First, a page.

ChatGPT is being used in a variety of ways in the workplace, particularly for tasks that require creative thinking. Respondents most often said they use it to generate ideas (41%) or create content (20%). AI tools are also great for coming up with word game strategies. For example, WordyBot can help you win Words With Friends by providing strategy tips while you play.
With so many ways to use AI, many users seek out ChatGPT prompts (phrases or keywords entered to generate a response). Although half of our respondents said they come up with prompts on their own, the top three other sources they’ve used are:
Aside from YouTube, other social media platforms accounted for 32% of responses, including TikTok, Twitter, Facebook, and Instagram. But you don’t always need to look up prompts; OpenAI (the developers of ChatGPT) now offers some helpful prompts you can use when you begin.
Some people worry that AI is coming for our jobs. But only 6% of employed respondents voiced concern about losing theirs because of ChatGPT. Here are the percentages of each generation who felt that way:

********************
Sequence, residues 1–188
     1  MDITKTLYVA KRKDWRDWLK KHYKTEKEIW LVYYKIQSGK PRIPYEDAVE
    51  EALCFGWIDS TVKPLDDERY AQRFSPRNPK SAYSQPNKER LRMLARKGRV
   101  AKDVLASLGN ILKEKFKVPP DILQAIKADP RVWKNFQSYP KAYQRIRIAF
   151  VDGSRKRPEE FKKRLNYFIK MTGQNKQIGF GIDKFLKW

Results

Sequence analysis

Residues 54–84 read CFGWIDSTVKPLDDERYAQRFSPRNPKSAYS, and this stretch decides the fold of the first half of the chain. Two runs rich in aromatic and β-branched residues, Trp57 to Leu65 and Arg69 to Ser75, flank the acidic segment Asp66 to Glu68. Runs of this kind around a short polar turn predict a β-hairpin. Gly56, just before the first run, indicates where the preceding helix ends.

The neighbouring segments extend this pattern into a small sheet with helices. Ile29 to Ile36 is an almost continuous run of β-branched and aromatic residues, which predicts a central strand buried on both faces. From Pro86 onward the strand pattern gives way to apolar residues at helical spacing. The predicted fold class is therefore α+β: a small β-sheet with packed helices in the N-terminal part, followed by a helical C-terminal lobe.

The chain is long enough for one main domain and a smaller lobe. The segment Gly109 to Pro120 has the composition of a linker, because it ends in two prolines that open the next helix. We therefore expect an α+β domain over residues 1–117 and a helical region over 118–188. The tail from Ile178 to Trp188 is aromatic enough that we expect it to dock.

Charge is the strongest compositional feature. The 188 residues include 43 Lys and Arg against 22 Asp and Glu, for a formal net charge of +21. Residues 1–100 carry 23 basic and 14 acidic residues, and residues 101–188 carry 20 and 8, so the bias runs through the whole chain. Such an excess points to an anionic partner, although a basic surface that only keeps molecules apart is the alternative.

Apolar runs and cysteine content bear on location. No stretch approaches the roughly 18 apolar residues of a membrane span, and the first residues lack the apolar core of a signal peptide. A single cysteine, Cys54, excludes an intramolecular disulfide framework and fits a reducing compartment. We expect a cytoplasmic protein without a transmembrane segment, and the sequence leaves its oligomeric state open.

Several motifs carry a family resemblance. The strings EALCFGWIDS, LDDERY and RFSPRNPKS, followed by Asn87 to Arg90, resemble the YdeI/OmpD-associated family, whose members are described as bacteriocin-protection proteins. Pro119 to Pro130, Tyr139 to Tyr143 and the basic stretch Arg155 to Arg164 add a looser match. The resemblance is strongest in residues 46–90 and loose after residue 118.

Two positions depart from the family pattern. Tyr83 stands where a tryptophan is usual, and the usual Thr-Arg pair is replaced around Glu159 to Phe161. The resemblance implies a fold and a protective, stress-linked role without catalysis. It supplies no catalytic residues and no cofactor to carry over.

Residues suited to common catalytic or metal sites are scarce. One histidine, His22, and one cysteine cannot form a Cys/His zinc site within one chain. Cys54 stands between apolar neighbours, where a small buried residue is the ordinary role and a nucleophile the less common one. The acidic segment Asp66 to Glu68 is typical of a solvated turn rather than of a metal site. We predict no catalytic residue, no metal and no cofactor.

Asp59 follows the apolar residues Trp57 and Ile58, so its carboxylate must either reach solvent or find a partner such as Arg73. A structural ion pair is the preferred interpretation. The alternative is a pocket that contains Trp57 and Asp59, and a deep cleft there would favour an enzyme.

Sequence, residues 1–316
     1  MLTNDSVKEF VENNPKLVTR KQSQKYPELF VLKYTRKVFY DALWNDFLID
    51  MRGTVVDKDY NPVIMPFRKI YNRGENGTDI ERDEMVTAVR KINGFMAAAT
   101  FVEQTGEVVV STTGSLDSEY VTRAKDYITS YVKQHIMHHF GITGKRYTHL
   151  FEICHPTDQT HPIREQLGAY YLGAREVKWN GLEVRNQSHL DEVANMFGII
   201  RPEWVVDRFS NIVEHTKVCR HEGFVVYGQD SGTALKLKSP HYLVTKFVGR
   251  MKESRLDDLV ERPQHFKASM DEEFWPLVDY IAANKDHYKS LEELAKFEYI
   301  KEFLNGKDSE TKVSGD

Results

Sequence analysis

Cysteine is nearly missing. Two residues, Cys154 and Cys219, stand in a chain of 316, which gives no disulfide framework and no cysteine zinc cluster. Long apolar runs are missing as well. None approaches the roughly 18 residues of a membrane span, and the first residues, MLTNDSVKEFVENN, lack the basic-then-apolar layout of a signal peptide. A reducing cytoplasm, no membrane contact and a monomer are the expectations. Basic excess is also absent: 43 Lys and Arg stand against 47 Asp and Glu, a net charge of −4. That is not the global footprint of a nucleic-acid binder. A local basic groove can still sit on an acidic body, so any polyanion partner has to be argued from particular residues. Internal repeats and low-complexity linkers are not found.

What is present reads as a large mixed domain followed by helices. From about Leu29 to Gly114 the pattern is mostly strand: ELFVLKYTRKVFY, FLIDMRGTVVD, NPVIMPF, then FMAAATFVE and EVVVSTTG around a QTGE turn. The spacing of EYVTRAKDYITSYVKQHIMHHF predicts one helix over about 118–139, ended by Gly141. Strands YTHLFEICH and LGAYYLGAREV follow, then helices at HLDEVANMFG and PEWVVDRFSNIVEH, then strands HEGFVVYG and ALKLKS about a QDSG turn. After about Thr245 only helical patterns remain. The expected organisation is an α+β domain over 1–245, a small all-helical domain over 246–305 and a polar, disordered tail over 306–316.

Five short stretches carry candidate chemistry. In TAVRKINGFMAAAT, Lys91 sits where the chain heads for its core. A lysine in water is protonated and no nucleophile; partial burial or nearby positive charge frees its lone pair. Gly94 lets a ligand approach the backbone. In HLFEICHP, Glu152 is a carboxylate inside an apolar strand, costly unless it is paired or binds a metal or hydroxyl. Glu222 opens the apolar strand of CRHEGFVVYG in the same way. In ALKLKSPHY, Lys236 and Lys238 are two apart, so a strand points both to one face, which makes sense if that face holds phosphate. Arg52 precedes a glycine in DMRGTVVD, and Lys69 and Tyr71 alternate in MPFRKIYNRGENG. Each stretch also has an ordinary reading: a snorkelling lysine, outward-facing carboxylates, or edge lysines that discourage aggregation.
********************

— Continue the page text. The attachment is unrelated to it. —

Gen Z: 6%
Gen X: 5%
Baby boomers: 0%
The younger users seemed more likely to worry, perhaps because they expect to spend a longer time in the workforce alongside evolving AI tools like ChatGPT.
ChatGPT at School
We also asked respondents how they use ChatGPT for educational purposes.
ChatGPT can be used in a number of ways by both students and teachers. Research was the top way our respondents used ChatGPT for education (33%), while others used it to help them understand complex ideas (18%) or pick up a new skill (15%). A few respondents may be using it to cheat on their homework (4%), but it has also helped a few study for tests (3%).
ChatGPT for Entertainment
People also use ChatGPT recreationally. The chatbot offers access to a wide base of knowledge that can help users plan or enhance their leisure time. The most popular ways our respondents used ChatGPT for entertainment purposes included:
Getting creative writing prompts
Writing poetry or song lyrics
Creating personalized meal plans
Finding craft instructions
Planning trip itineraries
Finding video game cheats
Finding makeup tips
For those who love playing word games in their free time, try asking ChatGPT something like: How can I improve my vocabulary? Gamers can also rely on other tech tools to improve their strategies and solve challenges. For example, if you’re stuck on today’s Wordle, a Wordle solver and letter finder can give you the hints you need to keep your winning streak alive.